Looking to Become a Snow Bird in Retirement? Know This  


If your retirement dream involves becoming a snow bird that heads to warmer weather in the winter, experts recommend understanding all the financial implications or the annual migration can become a nightmare.

“In addition to basic financial plans that must be laid out, estate and tax considerations also must be top of mind when retired couples or individuals are traveling back and forth to multiple homes throughout the year,” says Certified Financial Planner Ron Weiner, president and CEO of RDM Financial Group.

He offers the following tips that boomers often overlook when they are considering a snowbird lifestyle:

Boomer: What are some of the top financial concerns nesting snowbirds should have, and why is it important for them to have solid plans in place?

Weiner: They should have a good understanding of the costs of maintaining both residences. Developing a comprehensive plan will ensure that they look at all the costs of having two homes and determine the most efficient way to afford them.

Those looking to buy a condo in Florida or Arizona for example, should look at vacancies and foreclosures in the complex, and try to gauge potential assessments. Some of these areas have not recovered from the recession, and what seems like a good deal can turn out to be more expensive than it appears. It is a good idea to rent first in an area before buying.

Boomer: What common elements tend to be overlooked by snowbirds dividing time between two states?

Weiner: Research. Have they done their research or did they just find a place and now they are trying to justify the costs and make it work? Have they taken into account all the costs associated with the two residences?  Are they aware of the tax benefits that one place may offer over the other? Do they have a long-term commitment to a specific area or will they be looking for another place every few years? Are they considering renting out one of their homes? Have they really considered the costs associated with renting out a property? Do they have a realistic “business” plan?

In evaluating where to have a second home, snowbirds should look at the taxing policies of the states they are considering and their sources of income.  Some states do not have income taxes.  Some states tax pension, annuity, and retirement income more favorable than others.  Will all your funds be coming from taxable accounts or tax-deferred accounts such as traditional IRAs?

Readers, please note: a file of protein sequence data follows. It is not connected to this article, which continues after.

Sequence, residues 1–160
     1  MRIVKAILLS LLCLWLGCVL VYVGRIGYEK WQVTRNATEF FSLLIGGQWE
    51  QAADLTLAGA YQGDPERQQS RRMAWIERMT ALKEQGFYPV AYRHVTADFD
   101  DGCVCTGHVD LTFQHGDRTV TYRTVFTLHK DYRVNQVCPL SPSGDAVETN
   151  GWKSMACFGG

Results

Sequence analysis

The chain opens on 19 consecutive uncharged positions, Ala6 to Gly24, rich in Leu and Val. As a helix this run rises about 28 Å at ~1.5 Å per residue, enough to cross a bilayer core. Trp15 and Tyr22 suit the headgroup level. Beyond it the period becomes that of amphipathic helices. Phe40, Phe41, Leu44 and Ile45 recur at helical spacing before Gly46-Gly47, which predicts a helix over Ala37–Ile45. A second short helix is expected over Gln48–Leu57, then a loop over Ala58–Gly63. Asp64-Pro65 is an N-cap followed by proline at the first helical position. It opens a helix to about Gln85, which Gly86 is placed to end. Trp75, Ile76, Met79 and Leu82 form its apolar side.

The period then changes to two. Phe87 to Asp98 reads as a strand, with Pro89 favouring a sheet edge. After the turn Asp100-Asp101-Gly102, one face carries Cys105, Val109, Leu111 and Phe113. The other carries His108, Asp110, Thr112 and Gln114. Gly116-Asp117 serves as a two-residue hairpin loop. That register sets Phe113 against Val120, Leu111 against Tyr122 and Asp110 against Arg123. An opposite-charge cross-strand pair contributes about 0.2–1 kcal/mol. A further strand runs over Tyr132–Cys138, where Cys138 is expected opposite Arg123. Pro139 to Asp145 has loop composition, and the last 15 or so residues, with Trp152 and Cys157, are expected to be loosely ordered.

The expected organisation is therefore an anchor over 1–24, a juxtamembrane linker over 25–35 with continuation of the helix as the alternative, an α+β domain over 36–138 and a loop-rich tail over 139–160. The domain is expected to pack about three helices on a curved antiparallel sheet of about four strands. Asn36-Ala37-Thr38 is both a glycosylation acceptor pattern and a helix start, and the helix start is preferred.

Also, some states do not tax Social Security income. Snowbirds also need to look at how their sources of income may change over time. Planning to sell a business sometime in the future?  You may want to consider changing residency before that sale.

Another favorite expense buster is whether snowbirds considered how often the children and grandchildren come to visit now that they’ve moved so close to Disneyworld. Even within states, varying property taxes may alter the equation. Air fares, limos to airport, frequent entertainment of friends and family, as well as tolls, car, and gas taxes should also be considered. If you are moving to a gated community, there are extensive and numerous required expenses. Additionally, repairs and typical maintenance of a second home are to be expected.

Boomer: What is meant by state-specific guidelines and how do they affect boomer snowbirds?

Weiner: If the snowbird wants to claim residency in the more tax-friendly state, let’s say Florida instead of New York, he or she must follow the guidelines to break ties with the former resident state. In this case, break up with New York and establish ties with Florida. It may take more than just being there more there 183 days. The losing state, especially New York, will look to one’s intent through a laundry list of items such as, where are doctors, where do you pray, and where do you bank. They will look to see where you keep those things that are “near and dear” to you.

In New York for example, Social Security and government pension benefits are not taxed, plus each person can exclude up to $20,000 annually of additional pension or retirement income, including IRA distributions, if over 59 1/2. For retirees who have most of their income in these categories, the tax benefits of changing their state of residency may not be as much as they expect.

Boomer: What affect does part-time residency have on income tax returns--if any?

Weiner: Part of your plan and cost justification in having two homes may dictate changing your residency for the tax benefits. Also if you plan to rent out one of your two properties, you or your accountant may have to become familiar Schedule E.

Income sourced in a particular state, such as renting out a property there, or income from a business there may still be subject to taxes in that state, even if residency has changed to another state.